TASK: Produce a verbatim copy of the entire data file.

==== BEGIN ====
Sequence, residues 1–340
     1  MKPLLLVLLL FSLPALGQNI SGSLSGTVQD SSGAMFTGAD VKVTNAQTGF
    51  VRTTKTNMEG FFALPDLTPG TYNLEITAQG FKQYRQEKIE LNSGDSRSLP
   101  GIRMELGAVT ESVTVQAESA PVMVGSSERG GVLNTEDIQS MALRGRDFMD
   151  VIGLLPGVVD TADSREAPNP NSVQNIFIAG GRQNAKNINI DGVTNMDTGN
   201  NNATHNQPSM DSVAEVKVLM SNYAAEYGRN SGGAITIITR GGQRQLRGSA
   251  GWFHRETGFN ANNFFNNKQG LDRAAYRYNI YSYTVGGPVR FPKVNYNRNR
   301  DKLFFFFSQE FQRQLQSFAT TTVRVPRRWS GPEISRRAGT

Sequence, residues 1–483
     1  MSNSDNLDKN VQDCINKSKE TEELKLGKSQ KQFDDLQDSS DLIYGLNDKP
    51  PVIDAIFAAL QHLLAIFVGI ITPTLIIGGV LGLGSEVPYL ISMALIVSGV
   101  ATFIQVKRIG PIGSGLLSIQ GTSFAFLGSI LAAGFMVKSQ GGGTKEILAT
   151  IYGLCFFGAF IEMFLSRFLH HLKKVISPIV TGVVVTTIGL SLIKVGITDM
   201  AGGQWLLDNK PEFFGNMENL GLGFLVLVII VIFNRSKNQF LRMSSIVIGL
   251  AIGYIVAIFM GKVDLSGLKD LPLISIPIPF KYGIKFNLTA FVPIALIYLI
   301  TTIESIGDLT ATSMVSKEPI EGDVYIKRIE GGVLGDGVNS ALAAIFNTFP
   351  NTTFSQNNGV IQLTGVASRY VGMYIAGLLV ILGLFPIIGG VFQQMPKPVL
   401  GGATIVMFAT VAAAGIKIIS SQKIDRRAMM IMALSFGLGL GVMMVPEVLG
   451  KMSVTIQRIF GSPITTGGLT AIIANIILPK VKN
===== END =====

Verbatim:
Sequence, residues 1–340
     1  MKPLLLVLLL FSLPALGQNI SGSLSGTVQD SSGAMFTGAD VKVTNAQTGF
    51  VRTTKTNMEG FFALPDLTPG TYNLEITAQG FKQYRQEKIE LNSGDSRSLP
   101  GIRMELGAVT ESVTVQAESA PVMVGSSERG GVLNTEDIQS MALRGRDFMD
   151  VIGLLPGVVD TADSREAPNP NSVQNIFIAG GRQNAKNINI DGVTNMDTGN
   201  NNATHNQPSM DSVAEVKVLM SNYAAEYGRN SGGAITIITR GGQRQLRGSA
   251  GWFHRETGFN ANNFFNNKQG LDRAAYRYNI YSYTVGGPVR FPKVNYNRNR
   301  DKLFFFFSQE FQRQLQSFAT TTVRVPRRWS GPEISRRAGT

Sequence, residues 1–483
     1  MSNSDNLDKN VQDCINKSKE TEELKLGKSQ KQFDDLQDSS DLIYGLNDKP
    51  PVIDAIFAAL QHLLAIFVGI ITPTLIIGGV LGLGSEVPYL ISMALIVSGV
   101  ATFIQVKRIG PIGSGLLSIQ GTSFAFLGSI LAAGFMVKSQ GGGTKEILAT
   151  IYGLCFFGAF IEMFLSRFLH HLKKVISPIV TGVVVTTIGL SLIKVGITDM
   201  AGGQWLLDNK PEFFGNMENL GLGFLVLVII VIFNRSKNQF LRMSSIVIGL
   251  AIGYIVAIFM GKVDLSGLKD LPLISIPIPF KYGIKFNLTA FVPIALIYLI
   301  TTIESIGDLT ATSMVSKEPI EGDVYIKRIE GGVLGDGVNS ALAAIFNTFP
   351  NTTFSQNNGV IQLTGVASRY VGMYIAGLLV ILGLFPIIGG VFQQMPKPVL
   401  GGATIVMFAT VAAAGIKIIS SQKIDRRAMM IMALSFGLGL GVMMVPEVLG
   451  KMSVTIQRIF GSPITTGGLT AIIANIILPK VKN